The Little Book of Fun on a Shoestring

Activity Type:

Role Play


3-5 years



Type of Content:


Related Activities

Light And Dark

An idea for fun on a shoestring

by Sam Goodman and Elaine Massey

What you need

  • activity tunnels

  • large barrels (clean)

  • large pipes

  • old sheets

  • a selection of torches and battery-operated lanterns

  • large boxes

  • night-time play creatures (rabbits, moles, owls, foxes and hedgehogs etc.)

  • luminous clothing or luminous strips

  • luminous stickers

  • old CDs

  • plastic mirrors or a mirror sheet

What you do

What is dark and what is light?

  • Talk about what light and dark mean. Discuss the moon, stars, night-time and what we can see in the sky. When do we see stars?

  • Talk about the sun, daytime and light. Discuss sunny days and cloudy days.

  • Talk about times of the day.

  • Explain how all living things – animals, birds, insects and people need light and warmth from the sun.

  • Talk about needing sleep and make a collection of nightwear!

Investigate tunnels

  • Make and explore some tunnels, using play tunnels, fabrics and chairs, or cardboard tubes. Tunnel into sand. What is a tunnel for? Where can you find tunnels?

  • Find out about and investigate animals that live underground. Why do they choose to live underground?

  • Try to find some burrows or tunnels made by animals. How do we know where a mole has been? Talk about nocturnal homes where animals go to sleep.

  • Find out who has travelled through a tunnel in a car, a train or a coach. What is it like in a tunnel?

  • Make caves indoors and outside. Use fabrics, cartons and boxes. Make caves under tables and behind cupboards. Hang ropes between two low points and make tunnels with dark fabrics.

  • Join tunnels to caves. Explore them with torches and safe battery lanterns.

  • Ask at your local scrap-store for used, cleaned-out barrels. With the ends carefully cut off and sanded for safety, they make great tunnels and dark hidey holes which children can decorate as they wish. Put luminous, shiny and holographic stickers, mirrors or mobiles inside the tunnels. Explore with a torch and see if you can guess what is inside.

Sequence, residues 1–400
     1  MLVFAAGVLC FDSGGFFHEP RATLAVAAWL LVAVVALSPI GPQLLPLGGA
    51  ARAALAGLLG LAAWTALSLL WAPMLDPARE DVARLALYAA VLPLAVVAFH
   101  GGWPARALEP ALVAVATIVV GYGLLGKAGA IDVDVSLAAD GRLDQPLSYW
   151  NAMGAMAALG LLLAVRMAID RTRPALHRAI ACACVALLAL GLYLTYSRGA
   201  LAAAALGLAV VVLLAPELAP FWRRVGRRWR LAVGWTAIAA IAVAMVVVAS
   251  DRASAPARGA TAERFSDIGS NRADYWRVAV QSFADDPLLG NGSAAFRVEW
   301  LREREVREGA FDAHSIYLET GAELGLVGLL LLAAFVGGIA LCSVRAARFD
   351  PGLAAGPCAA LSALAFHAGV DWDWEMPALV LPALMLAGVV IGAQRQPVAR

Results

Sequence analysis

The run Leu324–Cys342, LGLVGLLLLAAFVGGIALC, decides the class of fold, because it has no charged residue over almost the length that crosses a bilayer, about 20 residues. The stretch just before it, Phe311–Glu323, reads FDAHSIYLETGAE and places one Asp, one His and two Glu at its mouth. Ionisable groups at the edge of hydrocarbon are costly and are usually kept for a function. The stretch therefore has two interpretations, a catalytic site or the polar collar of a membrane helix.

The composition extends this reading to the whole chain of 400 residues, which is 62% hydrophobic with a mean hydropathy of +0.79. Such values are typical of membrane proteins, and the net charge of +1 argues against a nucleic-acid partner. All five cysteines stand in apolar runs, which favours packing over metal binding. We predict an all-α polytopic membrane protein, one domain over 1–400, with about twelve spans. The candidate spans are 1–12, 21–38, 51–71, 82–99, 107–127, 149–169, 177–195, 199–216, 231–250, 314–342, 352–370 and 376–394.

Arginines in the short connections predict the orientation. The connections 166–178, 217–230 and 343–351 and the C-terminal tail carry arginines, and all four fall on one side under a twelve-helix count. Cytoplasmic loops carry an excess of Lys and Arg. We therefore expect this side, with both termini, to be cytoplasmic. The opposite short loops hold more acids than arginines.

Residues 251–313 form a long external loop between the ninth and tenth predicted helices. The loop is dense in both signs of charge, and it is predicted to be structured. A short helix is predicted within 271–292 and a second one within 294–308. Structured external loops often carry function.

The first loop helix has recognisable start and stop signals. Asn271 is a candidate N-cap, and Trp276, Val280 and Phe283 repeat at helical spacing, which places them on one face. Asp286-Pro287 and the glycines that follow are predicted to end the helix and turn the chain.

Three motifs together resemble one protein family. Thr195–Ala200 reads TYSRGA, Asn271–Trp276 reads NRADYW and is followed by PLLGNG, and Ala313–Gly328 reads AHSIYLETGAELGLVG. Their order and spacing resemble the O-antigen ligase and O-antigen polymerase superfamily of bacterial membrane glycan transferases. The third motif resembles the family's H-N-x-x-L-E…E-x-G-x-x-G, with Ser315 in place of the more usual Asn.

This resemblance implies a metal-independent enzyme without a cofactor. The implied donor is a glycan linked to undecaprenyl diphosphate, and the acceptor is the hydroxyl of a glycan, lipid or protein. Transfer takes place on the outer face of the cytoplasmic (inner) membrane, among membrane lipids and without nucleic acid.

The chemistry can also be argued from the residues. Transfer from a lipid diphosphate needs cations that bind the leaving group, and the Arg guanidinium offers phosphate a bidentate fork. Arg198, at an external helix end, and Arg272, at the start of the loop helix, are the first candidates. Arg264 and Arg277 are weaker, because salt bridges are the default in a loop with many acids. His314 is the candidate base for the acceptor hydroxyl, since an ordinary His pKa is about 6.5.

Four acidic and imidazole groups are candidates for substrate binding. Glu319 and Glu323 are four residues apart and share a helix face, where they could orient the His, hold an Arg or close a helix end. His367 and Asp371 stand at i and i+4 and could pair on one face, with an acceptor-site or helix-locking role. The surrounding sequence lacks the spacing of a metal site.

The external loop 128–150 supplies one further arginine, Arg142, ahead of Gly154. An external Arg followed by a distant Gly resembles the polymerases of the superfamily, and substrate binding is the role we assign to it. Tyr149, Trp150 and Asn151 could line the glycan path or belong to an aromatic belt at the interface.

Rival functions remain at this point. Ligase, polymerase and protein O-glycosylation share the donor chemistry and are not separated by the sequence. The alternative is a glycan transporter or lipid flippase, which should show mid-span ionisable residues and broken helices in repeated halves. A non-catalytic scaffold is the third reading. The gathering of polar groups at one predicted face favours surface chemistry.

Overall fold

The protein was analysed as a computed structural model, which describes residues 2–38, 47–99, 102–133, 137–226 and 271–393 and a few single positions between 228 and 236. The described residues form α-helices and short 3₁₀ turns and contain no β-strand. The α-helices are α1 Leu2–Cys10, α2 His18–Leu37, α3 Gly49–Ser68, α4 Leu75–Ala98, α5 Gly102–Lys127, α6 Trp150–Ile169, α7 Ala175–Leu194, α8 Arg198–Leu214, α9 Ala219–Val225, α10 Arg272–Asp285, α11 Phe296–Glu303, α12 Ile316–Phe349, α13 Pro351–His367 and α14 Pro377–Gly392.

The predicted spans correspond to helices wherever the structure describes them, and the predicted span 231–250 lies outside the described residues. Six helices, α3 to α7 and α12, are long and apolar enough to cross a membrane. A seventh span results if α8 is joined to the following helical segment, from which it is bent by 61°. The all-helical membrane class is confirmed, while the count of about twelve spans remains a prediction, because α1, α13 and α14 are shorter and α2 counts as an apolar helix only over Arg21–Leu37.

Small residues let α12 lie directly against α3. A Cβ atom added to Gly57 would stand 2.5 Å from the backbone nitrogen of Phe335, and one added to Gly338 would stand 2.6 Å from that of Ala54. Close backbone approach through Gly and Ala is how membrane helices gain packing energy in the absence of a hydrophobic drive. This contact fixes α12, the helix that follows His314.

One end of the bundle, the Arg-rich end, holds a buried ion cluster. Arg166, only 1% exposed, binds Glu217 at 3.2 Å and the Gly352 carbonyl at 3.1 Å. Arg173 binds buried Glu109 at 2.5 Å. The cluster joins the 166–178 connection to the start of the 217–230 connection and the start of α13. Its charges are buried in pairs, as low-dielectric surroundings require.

Let there be light!

Health and Safety

If you light candles in your setting, you must make sure they are supervised at all times, and preferably securely fixed inside a jar or other flameproof container.

  • Make a collection of candles to display. If you ask parents and friends, they may have spare or partly used candles that you could have. Try charity and bargain shops for candles and candle holders. Tea lights are inexpensive and safer to use. Floating candles are effective and will be put out by the water if accidentally knocked!

  • Talk about what candles are made from, what they feel like and what happens as they burn.

  • Discuss where the children have seen candles (birthday cakes, church, at festivals or parties).

  • Light a candle and talk about safety of matches and candles. Keep the candle at a safe distance.

  • Watch the flame! Does it give much light?

  • Talk about what it would have been like to live in a time when all lighting was like this.

  • If you have a scented candle, smell the candle burning – remember to keep your distance!

Investigate lights, lamps and torches

  • Take a walk around your setting or your neighbourhood, and look at different lights and lamps. Don’t forget desk lamps, lamps by mirrors and spotlights. Take some photos of the lamps you see.

  • Use catalogues to make a picture collection of different sorts of lights and lamps. Remind the children of the different sorts of lamps – bedside, work, security, decoration, fairy lights, shop windows, traffic, warning and many more. Look at different lights and talk about why we need lights.

  • The children may have lamps or night lights in their bedrooms. Talk about what these are for.

  • Look at torches. Investigate how torches work.

  • Cover torches with coloured cellophane to make coloured lights.

Investigate light and vision

  • How do people see at night? What helps them? What would happen if we had to find our way without any lights to help us?

  • What happens in places where there are no lights at night – like the jungle, the desert, mountains or at sea?